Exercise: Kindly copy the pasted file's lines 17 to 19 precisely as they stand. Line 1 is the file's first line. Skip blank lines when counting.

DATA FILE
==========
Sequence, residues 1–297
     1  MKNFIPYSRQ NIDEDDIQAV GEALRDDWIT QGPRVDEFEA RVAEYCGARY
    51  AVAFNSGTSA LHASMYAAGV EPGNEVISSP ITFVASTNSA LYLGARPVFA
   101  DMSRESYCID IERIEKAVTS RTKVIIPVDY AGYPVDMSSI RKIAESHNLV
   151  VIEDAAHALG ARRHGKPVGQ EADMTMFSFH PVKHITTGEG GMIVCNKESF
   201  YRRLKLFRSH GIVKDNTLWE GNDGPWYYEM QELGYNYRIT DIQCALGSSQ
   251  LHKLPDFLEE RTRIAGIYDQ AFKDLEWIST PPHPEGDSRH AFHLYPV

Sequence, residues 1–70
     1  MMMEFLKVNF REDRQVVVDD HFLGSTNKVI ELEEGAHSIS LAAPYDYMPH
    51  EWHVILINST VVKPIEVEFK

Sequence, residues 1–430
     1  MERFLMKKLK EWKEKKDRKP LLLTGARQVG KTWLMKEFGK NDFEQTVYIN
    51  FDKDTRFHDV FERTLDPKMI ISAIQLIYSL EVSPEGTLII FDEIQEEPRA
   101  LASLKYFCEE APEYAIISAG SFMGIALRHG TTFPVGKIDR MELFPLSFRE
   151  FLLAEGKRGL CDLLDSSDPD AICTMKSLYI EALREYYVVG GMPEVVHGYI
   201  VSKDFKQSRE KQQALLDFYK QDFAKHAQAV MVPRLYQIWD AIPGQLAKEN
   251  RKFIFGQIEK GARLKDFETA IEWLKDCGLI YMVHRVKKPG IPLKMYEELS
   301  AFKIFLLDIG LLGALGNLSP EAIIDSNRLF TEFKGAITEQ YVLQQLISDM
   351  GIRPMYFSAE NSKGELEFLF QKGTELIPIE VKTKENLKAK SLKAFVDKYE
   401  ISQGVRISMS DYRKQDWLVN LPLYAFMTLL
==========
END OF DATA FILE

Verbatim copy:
   251  RKFIFGQIEK GARLKDFETA IEWLKDCGLI YMVHRVKKPG IPLKMYEELS
   301  AFKIFLLDIG LLGALGNLSP EAIIDSNRLF TEFKGAITEQ YVLQQLISDM
   351  GIRPMYFSAE NSKGELEFLF QKGTELIPIE VKTKENLKAK SLKAFVDKYE